Hello Craig,

that did the trick, I'm now seeing my constraint violation as expected, thanks! So at least the delete-action="restrict" is not ignored.

Maybe the question should be: why does JPOX create FKs by default in combination with a "SET NULL" deletion behaviour that is not specified, at least not in the JDO2 spec? MySQL 5 seems to have that behaviour specifiable in FK constraints. Also I'd bet it doesn't have that behaviour for one-many relationships, so that's kinda inconsistent also.

Of course it's nice to have FKs created automatically, but then IMHO it should have a default delete-action="restrict", as that's what you'd expect when you see a FK in your schema...

Regards,
Jörg

Craig L Russell schrieb:
Hi Jörg,

JDO2 did intend to disallow the behavior you describe. 

Additionally, the metadata allows you to explicitly declare the behavior of the FK on delete. 

You could try explicitly setting the FK delete behavior to restrict, and see what happens:

            <field name="b_1to1" column="b_1to1_FK"
                persistence-modifier="persistent" >
                <foreign-key delete-action="restrict"/>
            </field>   

But even without this declaration, I think there is an issue with the described behavior. 

To my recollection, there are no TCK test cases for this.

Craig

On Jul 5, 2006, at 7:36 AM, Jörg von Frantzius wrote:

Hi,

only now I realize that JPOX does some automatic nulling of FKs during deletePersistent(), i.e. although I have an FK in the database, I'll never run into a FK violation when deleting a record that is being referred to!

In my package.jdo I have classes A and B referring to each other in a 1:1 relation:

        <class name="AFragment" identity-type="application" table="A" detachable="true"
             objectid-class="javax.jdo.identity.LongIdentity"
            persistence-modifier="persistence-capable">
            <inheritance strategy="new-table"/>
            <version strategy="version-number" column="jdoversion"/>
            <field name="id" primary-key="true" persistence-modifier="persistent" value-strategy="sequence" sequence="A_SEQ" >
                <extension vendor-name="jpox" key="key-database-cache-size" value="100"/>
            </field>

            <field name="b_1to1" column="b_1to1_FK"
                persistence-modifier="persistent" >
            </field>   
        </class>

        <class name="BFragment" identity-type="application" table="B" detachable="true"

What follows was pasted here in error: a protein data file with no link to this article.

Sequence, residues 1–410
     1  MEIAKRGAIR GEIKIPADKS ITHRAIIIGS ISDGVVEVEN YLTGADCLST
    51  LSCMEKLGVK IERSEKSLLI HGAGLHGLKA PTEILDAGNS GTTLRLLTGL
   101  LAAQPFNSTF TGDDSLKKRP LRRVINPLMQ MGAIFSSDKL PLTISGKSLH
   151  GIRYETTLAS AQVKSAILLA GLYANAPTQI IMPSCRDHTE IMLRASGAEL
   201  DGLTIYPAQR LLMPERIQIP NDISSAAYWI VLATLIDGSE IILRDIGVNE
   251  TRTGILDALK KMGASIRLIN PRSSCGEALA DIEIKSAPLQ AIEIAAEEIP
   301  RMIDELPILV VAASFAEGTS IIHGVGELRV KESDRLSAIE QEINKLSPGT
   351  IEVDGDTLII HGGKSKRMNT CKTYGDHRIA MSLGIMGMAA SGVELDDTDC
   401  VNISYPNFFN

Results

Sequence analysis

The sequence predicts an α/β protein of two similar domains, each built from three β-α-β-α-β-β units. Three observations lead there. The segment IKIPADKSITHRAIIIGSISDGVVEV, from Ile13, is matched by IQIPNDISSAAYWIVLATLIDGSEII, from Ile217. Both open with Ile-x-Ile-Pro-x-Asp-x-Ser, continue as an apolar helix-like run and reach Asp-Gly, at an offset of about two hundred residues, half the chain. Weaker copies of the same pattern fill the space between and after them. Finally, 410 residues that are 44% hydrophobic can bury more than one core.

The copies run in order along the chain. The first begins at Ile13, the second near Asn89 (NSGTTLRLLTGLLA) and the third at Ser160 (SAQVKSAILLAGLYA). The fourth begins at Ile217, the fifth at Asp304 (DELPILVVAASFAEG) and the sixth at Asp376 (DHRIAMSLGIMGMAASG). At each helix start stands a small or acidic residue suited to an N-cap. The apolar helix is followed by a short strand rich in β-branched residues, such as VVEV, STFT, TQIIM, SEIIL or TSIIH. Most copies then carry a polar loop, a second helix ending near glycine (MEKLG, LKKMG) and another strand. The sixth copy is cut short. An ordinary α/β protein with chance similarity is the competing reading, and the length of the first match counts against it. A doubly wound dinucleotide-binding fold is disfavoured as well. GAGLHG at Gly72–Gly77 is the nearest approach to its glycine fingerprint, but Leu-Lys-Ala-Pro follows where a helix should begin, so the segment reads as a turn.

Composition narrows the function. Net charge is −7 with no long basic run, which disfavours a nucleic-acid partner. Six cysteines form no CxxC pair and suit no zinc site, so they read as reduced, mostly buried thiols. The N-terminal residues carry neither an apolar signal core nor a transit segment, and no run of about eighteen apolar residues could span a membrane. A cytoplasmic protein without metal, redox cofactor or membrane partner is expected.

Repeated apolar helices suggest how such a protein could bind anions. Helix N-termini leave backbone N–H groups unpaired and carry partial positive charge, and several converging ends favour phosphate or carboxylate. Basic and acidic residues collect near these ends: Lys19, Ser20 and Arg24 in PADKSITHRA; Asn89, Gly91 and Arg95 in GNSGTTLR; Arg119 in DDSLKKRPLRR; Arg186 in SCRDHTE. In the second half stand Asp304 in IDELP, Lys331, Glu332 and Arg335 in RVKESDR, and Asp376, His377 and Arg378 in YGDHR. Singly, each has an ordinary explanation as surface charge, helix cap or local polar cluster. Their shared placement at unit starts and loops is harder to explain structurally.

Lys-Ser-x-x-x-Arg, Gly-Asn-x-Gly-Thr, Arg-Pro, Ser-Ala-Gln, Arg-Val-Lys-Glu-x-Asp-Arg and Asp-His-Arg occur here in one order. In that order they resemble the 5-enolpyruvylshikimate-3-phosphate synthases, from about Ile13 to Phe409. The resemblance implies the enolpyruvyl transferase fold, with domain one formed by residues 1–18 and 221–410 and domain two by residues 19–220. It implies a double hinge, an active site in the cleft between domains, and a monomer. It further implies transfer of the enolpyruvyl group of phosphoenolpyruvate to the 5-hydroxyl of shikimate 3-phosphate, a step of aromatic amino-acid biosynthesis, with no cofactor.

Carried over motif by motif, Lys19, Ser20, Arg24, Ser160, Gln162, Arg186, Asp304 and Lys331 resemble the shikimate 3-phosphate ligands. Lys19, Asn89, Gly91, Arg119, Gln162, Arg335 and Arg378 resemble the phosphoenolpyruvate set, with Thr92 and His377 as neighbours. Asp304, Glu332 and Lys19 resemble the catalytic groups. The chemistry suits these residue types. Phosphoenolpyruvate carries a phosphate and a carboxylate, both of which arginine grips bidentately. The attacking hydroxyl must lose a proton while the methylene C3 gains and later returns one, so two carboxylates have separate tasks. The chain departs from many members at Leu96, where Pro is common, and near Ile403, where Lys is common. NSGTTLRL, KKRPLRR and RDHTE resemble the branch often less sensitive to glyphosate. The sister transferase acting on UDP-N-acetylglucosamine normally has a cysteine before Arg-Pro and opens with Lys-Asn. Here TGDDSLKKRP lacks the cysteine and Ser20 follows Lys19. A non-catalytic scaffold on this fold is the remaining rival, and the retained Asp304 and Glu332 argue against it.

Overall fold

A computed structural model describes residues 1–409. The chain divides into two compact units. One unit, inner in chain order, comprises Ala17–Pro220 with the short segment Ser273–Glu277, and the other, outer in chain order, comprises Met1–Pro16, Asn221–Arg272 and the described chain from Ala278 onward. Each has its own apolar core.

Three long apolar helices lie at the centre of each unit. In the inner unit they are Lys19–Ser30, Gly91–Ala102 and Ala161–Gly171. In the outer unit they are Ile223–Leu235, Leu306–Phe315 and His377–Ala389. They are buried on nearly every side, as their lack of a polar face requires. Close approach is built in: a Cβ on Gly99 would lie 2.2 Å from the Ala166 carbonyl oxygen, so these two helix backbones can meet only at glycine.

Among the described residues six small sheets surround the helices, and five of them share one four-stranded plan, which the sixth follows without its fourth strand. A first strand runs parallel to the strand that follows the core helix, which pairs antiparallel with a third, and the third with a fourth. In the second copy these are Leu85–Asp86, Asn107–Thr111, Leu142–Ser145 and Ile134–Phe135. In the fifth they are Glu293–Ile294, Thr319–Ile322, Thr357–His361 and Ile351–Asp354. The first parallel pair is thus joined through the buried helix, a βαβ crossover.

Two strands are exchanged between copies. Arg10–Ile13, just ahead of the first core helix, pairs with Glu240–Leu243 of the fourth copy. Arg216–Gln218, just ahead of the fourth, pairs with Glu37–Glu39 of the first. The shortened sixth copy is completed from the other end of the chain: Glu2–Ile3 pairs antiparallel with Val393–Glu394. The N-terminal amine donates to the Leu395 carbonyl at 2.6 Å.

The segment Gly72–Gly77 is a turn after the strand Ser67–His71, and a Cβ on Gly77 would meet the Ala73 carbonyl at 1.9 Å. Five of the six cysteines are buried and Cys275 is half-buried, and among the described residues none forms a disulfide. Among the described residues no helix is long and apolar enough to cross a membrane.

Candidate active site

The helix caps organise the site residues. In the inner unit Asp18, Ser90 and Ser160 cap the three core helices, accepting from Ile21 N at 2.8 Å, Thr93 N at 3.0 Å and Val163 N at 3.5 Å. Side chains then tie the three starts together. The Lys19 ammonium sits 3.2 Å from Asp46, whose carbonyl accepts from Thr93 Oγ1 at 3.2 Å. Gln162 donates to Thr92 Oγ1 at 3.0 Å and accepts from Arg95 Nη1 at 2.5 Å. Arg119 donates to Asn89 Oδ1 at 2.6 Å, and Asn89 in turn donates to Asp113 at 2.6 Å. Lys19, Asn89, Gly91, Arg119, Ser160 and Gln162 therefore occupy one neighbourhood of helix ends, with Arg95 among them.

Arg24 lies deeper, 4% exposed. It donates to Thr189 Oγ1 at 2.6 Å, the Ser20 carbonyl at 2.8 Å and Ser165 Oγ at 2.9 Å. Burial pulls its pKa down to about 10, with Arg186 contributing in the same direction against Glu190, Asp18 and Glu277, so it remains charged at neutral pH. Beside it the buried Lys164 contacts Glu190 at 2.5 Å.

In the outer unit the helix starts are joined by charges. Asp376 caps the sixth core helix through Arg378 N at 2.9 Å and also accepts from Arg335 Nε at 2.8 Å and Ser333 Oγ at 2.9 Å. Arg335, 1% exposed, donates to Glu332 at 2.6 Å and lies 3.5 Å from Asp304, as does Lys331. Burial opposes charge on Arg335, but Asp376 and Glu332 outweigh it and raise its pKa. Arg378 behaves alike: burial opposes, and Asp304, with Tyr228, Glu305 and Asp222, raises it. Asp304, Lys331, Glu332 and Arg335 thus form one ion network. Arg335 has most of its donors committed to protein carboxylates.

objectid-class="javax.jdo.identity.LongIdentity"
            persistence-modifier="persistence-capable">
            <inheritance strategy="new-table"/>
            <version strategy="version-number" column="jdoversion"/>
            <field name="id" primary-key="true" persistence-modifier="persistent" value-strategy="sequence" sequence="B_SEQ" >
                <extension vendor-name="jpox" key="key-database-cache-size" value="100"/>
            </field>
            <field name="a_1to1" mapped-by="b_1to1"
                persistence-modifier="persistent" >
            </field>   
        </class>


So table A has a column b_1to1_FK referring to B.

When I call deletePersistent() for a B object that is being referred to by an A object, I see the following SQL:
[05 Jul 2006 16:23:46,483] DEBUG Request.java:70 - UPDATE A SET B_1TO1_FK=NULL WHERE A.B_1TO1_FK=<1>  -- 1 PS parameters
[05 Jul 2006 16:23:46,499] DEBUG Request.java:81 - Execution Time = 16 ms
[05 Jul 2006 16:23:58,656] DEBUG Request.java:70 - DELETE FROM B WHERE ID = <1>  -- 1 PS parameters
[05 Jul 2006 16:23:58,671] DEBUG Request.java:81 - Execution Time = 15 ms
The spec says "If deleting an instance would violate datastore integrity constraints, it is implementation-defined whether an exception is thrown at commit time, or the delete operation is simply ignored." JPOX does neither of the two, but implements a third option. Is this intended to be covered by the spec?

I'd think that this is dangerous behaviour, as the programmer might be deleting objects without realizing the consequences. If the FK violations occur, and consequently he must explicitly remove the object from any existing relation before deleting it, then he knows what information he is loosing exactly.

Regards,
Jörg

Craig Russell

Architect, Sun Java Enterprise System http://java.sun.com/products/jdo

408 276-5638 mailto:Craig.Russell@sun.com

P.S. A good JDO? O, Gasp!